Mental health – human rights – article 5 – independent and impartial determination
S sought judicial review of the tribunal’s decision to order his continued detention on the ground that the mandatory requirement under rule 11 of the Mental Health Review Tribunal Rules 1983, for the medical member to examine the patient prior to the hearing, in order to form an opinion of his mental condition, was inconsistent with the article 5.4 requirement of a fair and impartial judicial hearing, given that the medical member was then effectively both judge and witness, who could not be cross-examined.
The judge held that it was clear that care was required if rule 11 was not to result in unfairness. However, rule 11 did not expressly require the medical member to form an opinion; rather it required him to take the necessary steps to be able to form his opinion. It was obvious that the medical member must not form a concluded opinion until the conclusion of the hearing, since otherwise the outcome of the hearing would be pre-judged. There could be no objection to the expression of a provisional opinion by the medical member to his colleagues before the hearing, provided that it was not given undue weight – ie provided that the other members understood that it was only a provisional opinion and that they were free to disagree with it if the evidence and submissions before them led to a different conclusion. If during the course of a hearing there was a dispute as to facts between the medical member and the patient, the tribunal must consider whether it could properly continue to hear the patient’s application.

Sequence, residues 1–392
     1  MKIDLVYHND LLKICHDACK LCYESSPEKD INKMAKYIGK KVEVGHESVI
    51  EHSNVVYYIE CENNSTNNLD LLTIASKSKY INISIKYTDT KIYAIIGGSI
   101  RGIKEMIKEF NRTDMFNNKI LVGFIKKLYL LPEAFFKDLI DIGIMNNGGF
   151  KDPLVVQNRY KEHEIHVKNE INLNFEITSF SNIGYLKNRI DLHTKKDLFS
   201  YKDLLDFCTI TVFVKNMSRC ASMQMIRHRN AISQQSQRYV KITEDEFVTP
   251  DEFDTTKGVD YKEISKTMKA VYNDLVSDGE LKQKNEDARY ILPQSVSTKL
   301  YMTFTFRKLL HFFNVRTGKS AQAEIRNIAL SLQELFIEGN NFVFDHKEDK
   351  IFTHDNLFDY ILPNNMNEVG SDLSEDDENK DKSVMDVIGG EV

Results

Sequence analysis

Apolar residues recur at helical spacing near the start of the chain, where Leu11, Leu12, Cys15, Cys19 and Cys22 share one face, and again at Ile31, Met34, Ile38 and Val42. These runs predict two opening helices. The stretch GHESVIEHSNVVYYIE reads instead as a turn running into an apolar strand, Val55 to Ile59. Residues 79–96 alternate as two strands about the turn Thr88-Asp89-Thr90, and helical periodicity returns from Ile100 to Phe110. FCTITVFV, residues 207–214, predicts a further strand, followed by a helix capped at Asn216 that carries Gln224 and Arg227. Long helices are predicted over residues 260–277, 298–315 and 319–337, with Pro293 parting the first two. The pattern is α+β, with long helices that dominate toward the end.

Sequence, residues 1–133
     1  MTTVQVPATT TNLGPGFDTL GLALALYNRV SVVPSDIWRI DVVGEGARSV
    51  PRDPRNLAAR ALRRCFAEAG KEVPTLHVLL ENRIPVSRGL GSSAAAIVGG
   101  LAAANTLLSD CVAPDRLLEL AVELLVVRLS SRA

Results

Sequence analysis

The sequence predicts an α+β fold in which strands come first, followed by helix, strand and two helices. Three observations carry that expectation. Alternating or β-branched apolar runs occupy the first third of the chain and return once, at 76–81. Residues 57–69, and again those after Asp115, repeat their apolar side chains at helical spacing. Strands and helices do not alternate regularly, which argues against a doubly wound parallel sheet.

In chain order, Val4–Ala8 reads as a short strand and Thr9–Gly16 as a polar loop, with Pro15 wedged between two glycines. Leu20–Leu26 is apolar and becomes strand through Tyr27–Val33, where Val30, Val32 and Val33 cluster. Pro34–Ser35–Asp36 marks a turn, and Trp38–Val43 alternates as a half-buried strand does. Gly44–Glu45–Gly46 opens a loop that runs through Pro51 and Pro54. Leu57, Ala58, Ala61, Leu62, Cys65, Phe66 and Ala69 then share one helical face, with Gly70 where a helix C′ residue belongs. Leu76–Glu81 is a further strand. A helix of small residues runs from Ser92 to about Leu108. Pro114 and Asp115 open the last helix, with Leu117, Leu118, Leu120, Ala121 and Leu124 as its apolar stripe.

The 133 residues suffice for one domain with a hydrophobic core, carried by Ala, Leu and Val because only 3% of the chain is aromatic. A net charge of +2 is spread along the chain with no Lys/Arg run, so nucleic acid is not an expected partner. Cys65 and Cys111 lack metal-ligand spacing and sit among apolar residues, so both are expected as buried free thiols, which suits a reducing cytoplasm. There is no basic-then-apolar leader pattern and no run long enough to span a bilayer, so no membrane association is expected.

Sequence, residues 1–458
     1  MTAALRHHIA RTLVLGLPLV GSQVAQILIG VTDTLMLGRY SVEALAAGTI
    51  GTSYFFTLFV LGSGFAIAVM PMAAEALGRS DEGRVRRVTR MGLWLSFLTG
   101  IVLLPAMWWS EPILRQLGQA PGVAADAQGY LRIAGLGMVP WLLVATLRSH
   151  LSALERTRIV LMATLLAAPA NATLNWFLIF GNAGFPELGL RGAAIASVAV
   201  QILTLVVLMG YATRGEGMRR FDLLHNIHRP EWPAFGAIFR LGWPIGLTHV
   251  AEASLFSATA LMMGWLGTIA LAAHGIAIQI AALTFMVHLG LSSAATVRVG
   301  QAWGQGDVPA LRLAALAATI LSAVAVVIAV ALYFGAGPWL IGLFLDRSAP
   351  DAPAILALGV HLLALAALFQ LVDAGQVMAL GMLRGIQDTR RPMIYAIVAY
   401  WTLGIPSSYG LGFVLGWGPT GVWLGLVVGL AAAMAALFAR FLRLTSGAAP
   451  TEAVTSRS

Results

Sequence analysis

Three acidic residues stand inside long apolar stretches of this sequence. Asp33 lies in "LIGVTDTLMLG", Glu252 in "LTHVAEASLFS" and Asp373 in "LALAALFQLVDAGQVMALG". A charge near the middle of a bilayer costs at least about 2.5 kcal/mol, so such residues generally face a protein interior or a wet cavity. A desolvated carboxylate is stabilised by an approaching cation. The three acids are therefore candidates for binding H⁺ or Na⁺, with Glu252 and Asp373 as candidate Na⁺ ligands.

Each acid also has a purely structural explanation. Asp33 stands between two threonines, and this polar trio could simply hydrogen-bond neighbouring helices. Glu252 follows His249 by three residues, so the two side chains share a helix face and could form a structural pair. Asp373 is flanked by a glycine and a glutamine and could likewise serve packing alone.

The judge further pointed out that the MHRT’s Member’s Handbook emphasised the sensitivity of the medical member’s dual role, and the tribunals’ regional chairmen had been issued with a detailed guidance note underlining that the medical member had to retain an open and judicial mind on the question of discharge until all the evidence had been heard. Provided that the guidance was observed, there should be no conflict between rule 11 and the requirements of art 5.4.
The judge noted that the Mental Health Bill appears to envisage the abolition of rule 11 in that it requires a medical expert to be appointed whose report will be made available to the patient and the parties appearing before the tribunal so that they can address evidence and submissions to it.